Author(s): Zaninotto G, Marchese Ragona R, Briani C, Costantini M, Rizzetto C,
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Abstract The aims of this study were to assess the efficacy and safety of botulinum toxin (BoTox) injection in the cricopharyngeus muscle (CP) and CP myotomy in patients with oropharyngeal dysphagia (OPD) and to identify factors predicting the outcome of these treatments. The study involved patients with persistent OPD despite 2-6 months of rehabilitation, who all underwent clinical evaluation, esophageal manometry, upper gastrointestinal endoscopy, and videofluoroscopy (VFS). Patients received 5-10 BoTox units injections in the CP, identified by electromyography. Surgical myotomy of the upper esophageal sphincter was performed when dysphagia persisted after two BoTox injections. After treatment, patients were reevaluated with clinical interviews and VFS. The study population included 21 patients (15 mean and 6 women; median age, 68 years), classified into three groups, based on the etiology of their OPD: eight (38\%) had central nervous system abnormalities, five (24\%) had peripheral nerve disease, and eight (38\%) were classified as idiopathic. The median time since the onset of dysphagia was 18 months. Thirteen of 21 patients (62\%) needed supplemental/total gastrostomy feeding, and 5 of 21 (24\%) had tracheostomy. One patient died, on posttreatment day 7, due to massive aspiration. No other BoTox-related complications were observed. After BoTox injection, dysphagia improved in 9 of 21 (43\%) patients. Severely altered VFS findings and CP incoordination or low activity predicted BoTox failure at multivariate analysis. Dysphagia improved in 8 of 11 (72.7\%) patients who failed to respond to BoTox and underwent myotomy. A mild impairment of VFS findings and a higher pressure of pharyngeal contractions best predicted response to BoTox with or without myotomy. BoTox injection can be used as the first therapeutic option in patients with OPD: it is safe and simple and relieves dysphagia in 43\% of cases. If BoTox fails, CP myotomy can be offered to patients with preserved oral and tongue activity at VFS and an intact bolus propulsion ability on manometry.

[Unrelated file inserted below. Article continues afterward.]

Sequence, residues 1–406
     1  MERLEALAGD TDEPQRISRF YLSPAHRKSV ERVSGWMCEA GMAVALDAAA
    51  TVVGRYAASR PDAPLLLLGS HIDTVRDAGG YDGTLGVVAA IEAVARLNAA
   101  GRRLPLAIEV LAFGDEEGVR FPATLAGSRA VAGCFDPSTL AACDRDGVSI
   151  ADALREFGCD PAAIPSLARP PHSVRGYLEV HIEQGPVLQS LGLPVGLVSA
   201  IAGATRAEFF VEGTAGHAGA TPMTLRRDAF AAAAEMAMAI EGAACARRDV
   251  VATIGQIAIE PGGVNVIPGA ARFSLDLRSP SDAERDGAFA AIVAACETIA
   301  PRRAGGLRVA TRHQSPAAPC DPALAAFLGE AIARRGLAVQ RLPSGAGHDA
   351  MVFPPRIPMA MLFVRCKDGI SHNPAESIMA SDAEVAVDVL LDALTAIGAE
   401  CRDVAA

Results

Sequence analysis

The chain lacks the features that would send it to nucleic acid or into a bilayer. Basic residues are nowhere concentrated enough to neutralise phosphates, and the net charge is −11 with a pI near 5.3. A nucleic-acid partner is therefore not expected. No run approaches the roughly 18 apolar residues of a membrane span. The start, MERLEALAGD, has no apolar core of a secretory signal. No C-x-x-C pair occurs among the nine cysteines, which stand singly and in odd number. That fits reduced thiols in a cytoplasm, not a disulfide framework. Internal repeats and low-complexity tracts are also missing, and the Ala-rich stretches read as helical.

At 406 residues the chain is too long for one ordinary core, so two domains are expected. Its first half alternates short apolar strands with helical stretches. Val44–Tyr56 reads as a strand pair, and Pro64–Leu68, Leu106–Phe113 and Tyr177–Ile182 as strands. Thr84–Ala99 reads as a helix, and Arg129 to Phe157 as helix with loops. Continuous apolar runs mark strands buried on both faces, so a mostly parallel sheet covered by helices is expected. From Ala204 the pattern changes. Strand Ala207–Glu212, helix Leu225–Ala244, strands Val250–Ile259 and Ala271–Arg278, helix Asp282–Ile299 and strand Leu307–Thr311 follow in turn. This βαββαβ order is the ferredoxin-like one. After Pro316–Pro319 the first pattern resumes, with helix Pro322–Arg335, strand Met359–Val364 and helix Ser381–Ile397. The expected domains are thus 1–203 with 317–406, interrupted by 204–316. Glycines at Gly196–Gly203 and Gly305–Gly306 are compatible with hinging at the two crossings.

This article was published in J Gastrointest Surg
and referenced in Journal of Clinical Case Reports